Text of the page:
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MANUTE BOL, 47

Manute Bol, former Washington Bullet and one of NBA's tallest players, dies at 47

The shot-blocking giant, one of the NBA's tallest players at 7-7, succumbed to complications from a rare skin disease at 47, a relative said.

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By Matt Schudel
Sunday, June 20, 2010

Manute Bol, who became a basketball sensation in the 1980s as a skeletally thin shot-blocking giant with the Washington Bullets and other professional teams, and who devoted his post-basketball life to improving the lot of his fellow natives of Sudan, died June 19 at the University of Virginia Medical Center in Charlottesville. He was 47.

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His cousin George Bol said Mr. Bol had internal bleeding and other complications from Stevens-Johnson syndrome, a rare skin disease that he contracted from a medication he received in Africa.

Mr. Bol, one of the two tallest players in NBA history, was also one of its most exotic and endearing -- and surely the only one to have killed a lion with a spear. His unusual journey to basketball stardom began in southern Sudan, where he was a cattle-herding member of the Dinka tribe and never touched a basketball until his late teens. After catching the eye of an American coach working in Sudan, Mr. Bol made his way to the United States without knowing a word of English.

When the Bullets drafted him in the second round in 1985, he was measured at 7 feet 6¾ inches in his bare feet -- usually rounded up to 7-7 -- and he weighed a mere 190 pounds. Mr. Bol had limited basketball skills, but with a fingertip-to-fingertip wingspan of 8 feet 6 inches, he proved to be unusually adept at one aspect of the game: blocking opponents' shots. Standing flat-footed, he could extend his hand above the rim of the basket 10 feet off the floor.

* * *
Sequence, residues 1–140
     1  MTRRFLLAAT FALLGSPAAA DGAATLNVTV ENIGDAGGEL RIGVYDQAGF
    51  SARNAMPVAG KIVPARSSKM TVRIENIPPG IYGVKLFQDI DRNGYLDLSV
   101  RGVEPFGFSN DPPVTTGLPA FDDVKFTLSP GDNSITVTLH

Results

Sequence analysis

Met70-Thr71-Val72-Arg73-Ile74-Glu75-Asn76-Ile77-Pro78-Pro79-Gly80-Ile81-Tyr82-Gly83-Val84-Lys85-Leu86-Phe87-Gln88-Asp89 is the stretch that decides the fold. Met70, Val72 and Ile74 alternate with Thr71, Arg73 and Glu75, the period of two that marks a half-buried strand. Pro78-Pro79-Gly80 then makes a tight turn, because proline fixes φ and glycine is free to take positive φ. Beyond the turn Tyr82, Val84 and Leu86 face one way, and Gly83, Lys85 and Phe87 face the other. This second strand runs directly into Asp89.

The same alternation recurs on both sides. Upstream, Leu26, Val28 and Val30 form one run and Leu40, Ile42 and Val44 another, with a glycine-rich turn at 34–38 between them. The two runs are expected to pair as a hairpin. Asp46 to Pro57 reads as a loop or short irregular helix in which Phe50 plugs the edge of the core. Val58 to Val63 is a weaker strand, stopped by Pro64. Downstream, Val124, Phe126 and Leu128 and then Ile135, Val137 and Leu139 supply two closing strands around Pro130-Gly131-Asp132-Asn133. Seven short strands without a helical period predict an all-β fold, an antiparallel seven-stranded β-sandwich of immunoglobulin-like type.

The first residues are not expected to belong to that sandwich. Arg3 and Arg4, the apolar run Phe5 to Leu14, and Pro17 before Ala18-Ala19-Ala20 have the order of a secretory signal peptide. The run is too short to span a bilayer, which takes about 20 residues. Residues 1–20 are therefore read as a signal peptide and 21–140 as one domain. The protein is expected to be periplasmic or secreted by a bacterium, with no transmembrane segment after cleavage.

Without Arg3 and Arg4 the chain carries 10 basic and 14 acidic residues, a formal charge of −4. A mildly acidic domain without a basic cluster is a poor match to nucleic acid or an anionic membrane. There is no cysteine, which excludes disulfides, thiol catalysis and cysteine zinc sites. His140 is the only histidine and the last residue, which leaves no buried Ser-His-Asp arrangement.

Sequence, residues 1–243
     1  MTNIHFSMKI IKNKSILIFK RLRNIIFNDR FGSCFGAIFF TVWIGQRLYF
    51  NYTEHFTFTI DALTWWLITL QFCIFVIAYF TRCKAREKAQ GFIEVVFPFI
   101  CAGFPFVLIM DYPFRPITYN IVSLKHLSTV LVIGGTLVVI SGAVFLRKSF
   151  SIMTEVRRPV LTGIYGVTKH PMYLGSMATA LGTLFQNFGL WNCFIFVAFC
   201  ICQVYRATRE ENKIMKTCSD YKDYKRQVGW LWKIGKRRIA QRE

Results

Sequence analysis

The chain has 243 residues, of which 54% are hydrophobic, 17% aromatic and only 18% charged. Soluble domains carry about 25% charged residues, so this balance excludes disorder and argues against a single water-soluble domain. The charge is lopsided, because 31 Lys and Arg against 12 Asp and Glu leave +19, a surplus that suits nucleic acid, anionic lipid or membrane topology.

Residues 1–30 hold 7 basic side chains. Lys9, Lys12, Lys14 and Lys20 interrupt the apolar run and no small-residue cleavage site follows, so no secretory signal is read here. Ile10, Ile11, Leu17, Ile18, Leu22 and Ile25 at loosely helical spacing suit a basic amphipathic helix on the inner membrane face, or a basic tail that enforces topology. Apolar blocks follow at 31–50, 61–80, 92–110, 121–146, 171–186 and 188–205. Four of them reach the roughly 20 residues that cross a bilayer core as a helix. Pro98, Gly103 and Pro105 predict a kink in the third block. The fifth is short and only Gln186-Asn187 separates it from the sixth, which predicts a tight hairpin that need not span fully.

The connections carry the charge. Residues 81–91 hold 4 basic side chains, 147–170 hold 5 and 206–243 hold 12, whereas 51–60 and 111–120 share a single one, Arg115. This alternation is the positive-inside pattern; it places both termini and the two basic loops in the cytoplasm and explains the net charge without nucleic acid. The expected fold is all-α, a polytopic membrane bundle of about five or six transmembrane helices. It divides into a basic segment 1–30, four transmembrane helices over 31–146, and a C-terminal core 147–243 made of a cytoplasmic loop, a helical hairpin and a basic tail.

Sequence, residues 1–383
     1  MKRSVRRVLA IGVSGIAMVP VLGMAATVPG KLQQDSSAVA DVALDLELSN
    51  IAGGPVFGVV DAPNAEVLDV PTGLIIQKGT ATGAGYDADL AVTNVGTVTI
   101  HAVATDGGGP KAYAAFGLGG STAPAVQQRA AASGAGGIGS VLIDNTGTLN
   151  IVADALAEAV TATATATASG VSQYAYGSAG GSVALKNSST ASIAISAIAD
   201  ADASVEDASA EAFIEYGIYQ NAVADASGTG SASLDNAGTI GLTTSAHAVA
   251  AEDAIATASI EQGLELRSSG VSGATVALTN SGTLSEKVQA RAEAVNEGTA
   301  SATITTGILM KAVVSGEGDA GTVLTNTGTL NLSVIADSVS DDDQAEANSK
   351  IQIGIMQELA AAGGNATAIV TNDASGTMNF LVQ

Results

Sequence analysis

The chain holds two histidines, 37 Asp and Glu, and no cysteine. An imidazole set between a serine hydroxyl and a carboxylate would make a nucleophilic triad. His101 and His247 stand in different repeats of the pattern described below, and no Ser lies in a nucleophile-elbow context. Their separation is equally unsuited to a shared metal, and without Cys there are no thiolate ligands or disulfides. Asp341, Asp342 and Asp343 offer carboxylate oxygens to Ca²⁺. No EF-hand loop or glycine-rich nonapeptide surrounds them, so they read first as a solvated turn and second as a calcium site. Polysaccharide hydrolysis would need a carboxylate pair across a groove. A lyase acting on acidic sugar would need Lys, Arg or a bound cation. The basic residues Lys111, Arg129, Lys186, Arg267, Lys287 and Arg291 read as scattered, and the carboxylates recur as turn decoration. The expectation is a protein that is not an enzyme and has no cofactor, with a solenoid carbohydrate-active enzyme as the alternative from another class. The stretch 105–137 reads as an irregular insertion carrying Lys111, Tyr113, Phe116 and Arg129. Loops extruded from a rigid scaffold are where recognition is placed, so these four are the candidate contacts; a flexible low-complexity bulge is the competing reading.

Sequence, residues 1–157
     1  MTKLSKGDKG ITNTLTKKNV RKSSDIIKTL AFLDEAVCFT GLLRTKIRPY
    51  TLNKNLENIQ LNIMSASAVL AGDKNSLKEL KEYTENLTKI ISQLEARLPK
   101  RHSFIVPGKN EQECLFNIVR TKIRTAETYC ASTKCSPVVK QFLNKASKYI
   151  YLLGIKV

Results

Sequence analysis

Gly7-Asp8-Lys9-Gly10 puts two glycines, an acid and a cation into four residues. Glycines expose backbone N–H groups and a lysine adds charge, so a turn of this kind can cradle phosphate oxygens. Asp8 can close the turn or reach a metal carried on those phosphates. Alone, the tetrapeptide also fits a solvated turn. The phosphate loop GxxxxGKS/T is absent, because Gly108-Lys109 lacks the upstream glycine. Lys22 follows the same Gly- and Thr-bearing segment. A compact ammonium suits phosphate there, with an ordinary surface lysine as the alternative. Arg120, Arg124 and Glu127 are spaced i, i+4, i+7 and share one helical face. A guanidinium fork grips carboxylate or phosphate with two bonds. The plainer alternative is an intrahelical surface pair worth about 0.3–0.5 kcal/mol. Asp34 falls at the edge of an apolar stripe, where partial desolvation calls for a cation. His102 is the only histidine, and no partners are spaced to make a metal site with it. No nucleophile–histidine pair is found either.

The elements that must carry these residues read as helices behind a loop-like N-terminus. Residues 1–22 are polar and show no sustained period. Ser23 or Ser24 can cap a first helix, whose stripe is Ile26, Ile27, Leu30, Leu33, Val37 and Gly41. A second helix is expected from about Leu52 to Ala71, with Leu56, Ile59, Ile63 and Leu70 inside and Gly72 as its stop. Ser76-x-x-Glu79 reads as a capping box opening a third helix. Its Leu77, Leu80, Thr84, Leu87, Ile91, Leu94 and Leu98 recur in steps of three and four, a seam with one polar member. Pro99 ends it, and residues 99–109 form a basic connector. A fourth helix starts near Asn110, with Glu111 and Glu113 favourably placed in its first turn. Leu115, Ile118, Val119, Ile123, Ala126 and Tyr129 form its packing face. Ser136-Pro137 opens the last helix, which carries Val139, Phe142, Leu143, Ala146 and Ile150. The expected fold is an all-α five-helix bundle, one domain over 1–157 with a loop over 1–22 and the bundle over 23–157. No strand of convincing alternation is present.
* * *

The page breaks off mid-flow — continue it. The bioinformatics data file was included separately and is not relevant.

The Bullets put Mr. Bol on a regimen of weightlifting and pizza, adding 17 pounds to his frame before he made his NBA debut in October 1985. In his rookie season, despite playing about 25 minutes a game, he led the league with 397 blocked shots, still the second-highest total in NBA annals.

Don Nelson, who later coached Mr. Bol with the Golden State Warriors, said simply, "He's the most amazing shot blocker I've ever seen."

His exceptional height and shot-blocking talent made Mr. Bol an instant phenomenon, but fans and players were also drawn to him because of his sunny personality. Attendance shot up in NBA cities whenever the Bullets (renamed the Washington Wizards in 1997) came to town. Mr. Bol routinely called sports fans "friends."

"He's so proud, almost noble," then-Bullets General Manager Bob Ferry said in 1987. "He's completely at ease with himself, which is hard to believe when you consider . . . well, he's 7-foot-7."

Some people feared that Mr. Bol's stick-thin frame would never stand up to the physical demands of pro basketball, but he proved surprisingly resilient. When an opposing center for the Chicago Bulls tested his mettle by throwing a punch, Mr. Bol flattened him with a single blow, prompting a bench-clearing brawl.

"When I play, I try to make friends, with my team and the other," a nonplused Mr. Bol said. "If I wanted to look for a fight, I'll go to Libya and join the Marines."

Killing a lion

In 1987, when the Bullets signed 5-foot-3 Muggsy Bogues, they had the shortest and tallest players in NBA history on the team at the same time. Mr. Bol was traded to Golden State before the 1988-89 season, when he again led the league in blocked shots.

At Golden State, Mr. Bol developed an awkward but crowd-pleasing three-point shot that occasionally found its long-distance mark. He later played with the Philadelphia 76ers and Miami Heat before briefly returning to Washington in 1994 to tutor the Bullets' new big man, Gheorghe Muresan, from Romania. Muresan may have been a centimeter or two taller, but both were listed at 7-7.


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